Researchers at MIT have developed a new method for assembling arrays of quantum rods using DNA scaffolds. Quantum rods have the ability to control both polarization and color of light, making them valuable for generating 3D images in virtual reality devices. The challenge has been aligning the rods at the nanoscale to ensure they all point in the same direction.
By depositing quantum rods onto a DNA scaffold, the researchers can regulate their orientation, which is crucial for controlling the polarization of emitted light. This advancement makes it easier to add depth and dimensionality to virtual scenes. The researchers used DNA origami, a technique they have previously worked on, to create precise positions for quantum dots. They then attached the quantum rods to diamond-shaped DNA origami structures, which were attached to a surface, allowing the rods to align in the same direction.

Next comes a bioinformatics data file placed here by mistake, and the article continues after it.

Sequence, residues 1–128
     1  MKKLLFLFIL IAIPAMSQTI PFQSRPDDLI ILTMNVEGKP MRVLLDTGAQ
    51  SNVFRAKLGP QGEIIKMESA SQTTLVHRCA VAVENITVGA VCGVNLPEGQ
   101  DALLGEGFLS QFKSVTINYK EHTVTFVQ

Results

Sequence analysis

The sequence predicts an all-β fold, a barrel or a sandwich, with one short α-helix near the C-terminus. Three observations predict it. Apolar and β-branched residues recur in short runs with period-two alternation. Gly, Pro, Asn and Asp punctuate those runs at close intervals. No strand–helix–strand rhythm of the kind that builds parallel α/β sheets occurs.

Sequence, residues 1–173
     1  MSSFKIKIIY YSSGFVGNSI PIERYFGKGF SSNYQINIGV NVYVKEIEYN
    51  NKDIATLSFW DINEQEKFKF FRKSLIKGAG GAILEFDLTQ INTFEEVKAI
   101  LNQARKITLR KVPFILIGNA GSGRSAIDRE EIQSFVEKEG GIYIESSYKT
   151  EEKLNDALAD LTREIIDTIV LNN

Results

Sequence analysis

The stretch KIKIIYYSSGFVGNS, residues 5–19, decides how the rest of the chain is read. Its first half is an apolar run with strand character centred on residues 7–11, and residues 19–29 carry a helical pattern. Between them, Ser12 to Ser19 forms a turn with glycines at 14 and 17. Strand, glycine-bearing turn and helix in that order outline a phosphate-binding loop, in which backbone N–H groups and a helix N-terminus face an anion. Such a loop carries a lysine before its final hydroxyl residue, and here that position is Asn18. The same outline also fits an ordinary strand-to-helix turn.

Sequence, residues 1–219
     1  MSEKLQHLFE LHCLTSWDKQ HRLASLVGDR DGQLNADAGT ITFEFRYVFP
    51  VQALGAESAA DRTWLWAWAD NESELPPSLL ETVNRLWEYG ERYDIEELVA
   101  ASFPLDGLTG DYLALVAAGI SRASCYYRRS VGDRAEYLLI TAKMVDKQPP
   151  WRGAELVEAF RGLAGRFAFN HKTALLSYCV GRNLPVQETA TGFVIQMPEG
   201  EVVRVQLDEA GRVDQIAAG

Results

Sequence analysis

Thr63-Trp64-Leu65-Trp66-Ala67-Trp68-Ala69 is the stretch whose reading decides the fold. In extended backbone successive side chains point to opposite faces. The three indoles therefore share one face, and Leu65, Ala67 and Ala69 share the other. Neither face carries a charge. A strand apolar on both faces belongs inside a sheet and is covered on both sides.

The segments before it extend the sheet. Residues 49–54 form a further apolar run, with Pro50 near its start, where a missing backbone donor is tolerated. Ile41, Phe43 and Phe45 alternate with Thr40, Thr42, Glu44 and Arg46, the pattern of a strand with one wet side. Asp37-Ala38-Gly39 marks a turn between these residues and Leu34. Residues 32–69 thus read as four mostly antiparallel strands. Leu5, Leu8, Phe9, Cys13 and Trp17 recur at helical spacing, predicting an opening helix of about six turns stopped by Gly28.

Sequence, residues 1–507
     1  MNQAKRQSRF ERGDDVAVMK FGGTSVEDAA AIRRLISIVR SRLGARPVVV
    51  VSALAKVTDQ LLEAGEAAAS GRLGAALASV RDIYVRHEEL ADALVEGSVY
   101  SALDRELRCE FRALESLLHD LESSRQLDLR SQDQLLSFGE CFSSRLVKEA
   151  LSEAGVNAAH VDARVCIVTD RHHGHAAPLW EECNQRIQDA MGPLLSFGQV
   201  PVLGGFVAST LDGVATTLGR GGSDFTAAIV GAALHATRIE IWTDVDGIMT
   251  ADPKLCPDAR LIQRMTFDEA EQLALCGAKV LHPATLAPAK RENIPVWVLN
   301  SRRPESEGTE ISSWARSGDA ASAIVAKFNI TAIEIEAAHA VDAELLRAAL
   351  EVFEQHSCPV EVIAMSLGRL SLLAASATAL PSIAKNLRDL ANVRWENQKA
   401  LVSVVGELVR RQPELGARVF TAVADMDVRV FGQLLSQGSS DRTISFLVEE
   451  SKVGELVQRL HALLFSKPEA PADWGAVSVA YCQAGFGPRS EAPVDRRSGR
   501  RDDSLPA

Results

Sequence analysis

The researchers also developed a method for rapidly attaching DNA strands to the quantum rods, reducing manufacturing time significantly. The next steps for the researchers include creating larger-scale surfaces with etched patterns to scale their design for various applications. The use of DNA as a manufacturing material is attractive due to its scalability and sustainability. The research was funded by various organizations, including the Office of Naval Research and the National Science Foundation.